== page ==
A Review of the Nigerian Energy Industry

‎Stakeholders call for more action on renewable energy development in Nigeria

*Solar panel harness energy of the sun.
*Solar panel harness energy of the sun.

*To present a renewal energy bill at National Assembly

Oscarline Onwuemenyi

20 October 2015, Sweetcrude, Abuja – Delegates rose from a three-day conference on alternative energy in Abuja with a call on Federal Government to pay adequate attention to the country’s renewable energy sector.

The call, which is contained in a communiqué issued at the end of the fifth Nigeria Alternative Energy Exposition (NAEE) with the theme: “Consolidating Energy Transformation Gains” was signed by Mr Chidi Onuoha, a renewable energy consultant and advocate, on behalf of other delegates.

The stakeholders commended the Federal Government for putting in place the Renewable Energy Policy (REP) and called for its effective implementation.

They described the policy as a critical blueprint for the national search for permanent solutions to the country’s lingering energy crisis.

The delegates emphasised the need for the policy to be backed by law in order to sustain the contribution of clean energy to the energy mix and attract investors to the sector.

To this end, they pledged their support for a Green Economy Nigeria Bill (GENB), which they said would soon be in the National Assembly.

The bill, according to them, seeks to give legal teeth to sustainable agriculture, renewable energy and infrastructure.

NAEE is the country’s largest gathering of policy makers, researchers, manufacturers, investors and consumers of renewable energy.

This year’s edition was declared open by President Muhammadu Buhari, represented by the Permanent Secretary, Federal Ministry of Power, Mr Godknows Igali.

It attracted French Ambassador to Nigeria, Mr Denys Gauer; the Director General, Energy Commission of Nigeria, Prof. Eli Bala; French Ambassador for Climate in Africa and Middle East, and Mr Stephane Gompertz.

The communiqué read: “We commend the Federal Government for putting in place the Renewable Energy Policy (REP) and Energy Efficiency Policy (EEP) document.

“The REP document, no doubt, will serve as a blue print for sustainable supply and utilisation of renewable energy sources within the economy for both on-grid and off-grid solutions.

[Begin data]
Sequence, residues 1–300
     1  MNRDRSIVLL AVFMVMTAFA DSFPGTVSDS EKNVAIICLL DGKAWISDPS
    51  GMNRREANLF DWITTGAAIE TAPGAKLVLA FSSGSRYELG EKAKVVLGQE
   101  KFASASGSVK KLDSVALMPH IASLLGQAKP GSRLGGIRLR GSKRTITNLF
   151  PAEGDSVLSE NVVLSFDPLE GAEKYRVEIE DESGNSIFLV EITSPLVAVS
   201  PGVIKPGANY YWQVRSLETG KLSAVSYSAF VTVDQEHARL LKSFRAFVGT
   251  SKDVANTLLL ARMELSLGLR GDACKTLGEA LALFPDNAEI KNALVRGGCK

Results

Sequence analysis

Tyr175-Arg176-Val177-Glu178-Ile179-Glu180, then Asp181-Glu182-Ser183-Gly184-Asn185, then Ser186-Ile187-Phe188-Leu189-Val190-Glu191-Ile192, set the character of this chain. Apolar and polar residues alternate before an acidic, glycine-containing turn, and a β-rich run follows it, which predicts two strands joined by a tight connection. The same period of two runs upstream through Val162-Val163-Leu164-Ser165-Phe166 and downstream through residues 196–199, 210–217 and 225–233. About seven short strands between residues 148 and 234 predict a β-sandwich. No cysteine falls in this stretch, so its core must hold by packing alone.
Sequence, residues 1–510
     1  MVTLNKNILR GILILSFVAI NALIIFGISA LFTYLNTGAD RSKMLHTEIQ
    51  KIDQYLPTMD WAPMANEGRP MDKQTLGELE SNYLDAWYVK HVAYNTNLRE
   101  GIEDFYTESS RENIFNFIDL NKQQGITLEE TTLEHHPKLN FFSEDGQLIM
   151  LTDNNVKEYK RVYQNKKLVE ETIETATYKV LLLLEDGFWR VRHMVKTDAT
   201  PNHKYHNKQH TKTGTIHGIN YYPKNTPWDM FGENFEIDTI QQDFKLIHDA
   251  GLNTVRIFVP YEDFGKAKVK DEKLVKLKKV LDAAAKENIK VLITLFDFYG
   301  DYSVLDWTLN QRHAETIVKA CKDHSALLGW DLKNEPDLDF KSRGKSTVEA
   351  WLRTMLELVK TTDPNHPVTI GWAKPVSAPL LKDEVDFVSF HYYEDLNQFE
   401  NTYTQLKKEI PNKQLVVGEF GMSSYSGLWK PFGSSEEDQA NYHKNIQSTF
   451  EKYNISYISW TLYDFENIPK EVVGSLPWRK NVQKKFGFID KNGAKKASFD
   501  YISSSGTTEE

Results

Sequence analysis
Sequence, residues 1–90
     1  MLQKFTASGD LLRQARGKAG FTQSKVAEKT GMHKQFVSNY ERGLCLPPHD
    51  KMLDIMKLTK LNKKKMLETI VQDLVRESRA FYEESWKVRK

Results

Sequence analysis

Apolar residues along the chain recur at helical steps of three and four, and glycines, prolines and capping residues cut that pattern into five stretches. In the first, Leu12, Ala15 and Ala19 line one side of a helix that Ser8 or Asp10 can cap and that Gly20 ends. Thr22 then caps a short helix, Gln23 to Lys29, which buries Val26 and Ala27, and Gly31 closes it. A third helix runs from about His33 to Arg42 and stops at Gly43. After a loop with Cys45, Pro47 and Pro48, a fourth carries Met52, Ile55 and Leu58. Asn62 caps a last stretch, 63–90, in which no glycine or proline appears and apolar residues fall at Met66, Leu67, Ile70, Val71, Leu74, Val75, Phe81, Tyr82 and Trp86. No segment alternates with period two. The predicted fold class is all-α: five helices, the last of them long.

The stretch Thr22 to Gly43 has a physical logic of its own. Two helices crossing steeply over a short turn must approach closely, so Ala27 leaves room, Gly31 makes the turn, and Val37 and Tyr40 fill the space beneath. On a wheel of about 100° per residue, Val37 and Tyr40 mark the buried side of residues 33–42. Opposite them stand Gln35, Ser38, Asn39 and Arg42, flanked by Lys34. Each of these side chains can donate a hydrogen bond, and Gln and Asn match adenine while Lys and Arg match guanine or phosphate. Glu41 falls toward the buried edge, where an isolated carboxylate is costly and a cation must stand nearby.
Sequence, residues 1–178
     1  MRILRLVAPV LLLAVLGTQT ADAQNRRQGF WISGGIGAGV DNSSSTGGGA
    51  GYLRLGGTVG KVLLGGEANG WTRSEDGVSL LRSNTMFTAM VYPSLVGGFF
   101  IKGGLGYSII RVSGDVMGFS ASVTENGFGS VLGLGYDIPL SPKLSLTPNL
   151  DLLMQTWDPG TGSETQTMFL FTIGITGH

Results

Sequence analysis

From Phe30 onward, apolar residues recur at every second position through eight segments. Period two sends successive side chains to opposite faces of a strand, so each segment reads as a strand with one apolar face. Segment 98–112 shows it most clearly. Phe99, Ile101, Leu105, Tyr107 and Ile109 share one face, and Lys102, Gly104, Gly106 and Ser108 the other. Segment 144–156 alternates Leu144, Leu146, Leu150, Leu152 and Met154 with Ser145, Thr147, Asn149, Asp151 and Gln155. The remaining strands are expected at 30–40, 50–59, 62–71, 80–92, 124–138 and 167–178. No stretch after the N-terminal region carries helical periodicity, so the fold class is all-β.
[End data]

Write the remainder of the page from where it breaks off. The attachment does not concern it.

“The document also advances an Energy Efficiency Policy (EEP) which will reduce inefficient consumption, thereby providing greater access to electricity consumers.”

The delegates expressed concern over the “deficiency” in the country’s energy infrastructure over the years despite being the most populated and largest economy in Africa.
Among other recommendations, they advised the Federal Government to encourage private sector investments in renewable energy using feed-in tariffs as obtainable in other climes.

They advised the Nigeria Electricity Regulatory Commission (NERC) to provide a regulatory framework for off-grid power supply solutions.

The delegates cited high import tariffs on renewable energy facilities and high bank credit as major obstacles to investment in the sector.

They, therefore, urged the Nigerian Customs Service to implement relevant aspects of the REP, especially the provision on zero import duty for renewable energy technologies.

“The Federal Government through the Standards Organisation of Nigeria (SON) should ensure the importation of only quality renewable energy equipment into the country.

“Importation of substandard products by quacks has painted genuine investors in the sector in bad light.

“There is also the need for collaboration between the federal and state governments, and the private sector to support training and job creation provided by off-grid renewable energy market for technicians, installers and artisans.

“The Rural Electrification Agency (REA) should reinvent itself as the Renewable Energy Development Agency and focus on the promotion of off-grid, mini-grid renewable energy solutions.

“REA should also work with private sector investors to achieve fast rural electrification,” they said.

The stakeholders announced the formation of an association called the Nigeria Sustainable Energy Group (NSEG) to give them a voice as it is the case with other professional bodies in the country.

According to them, NSEG will serve as a platform for them to fast-track and monitor progress made in the implementation of their resolutions and other issues of interest to the members.

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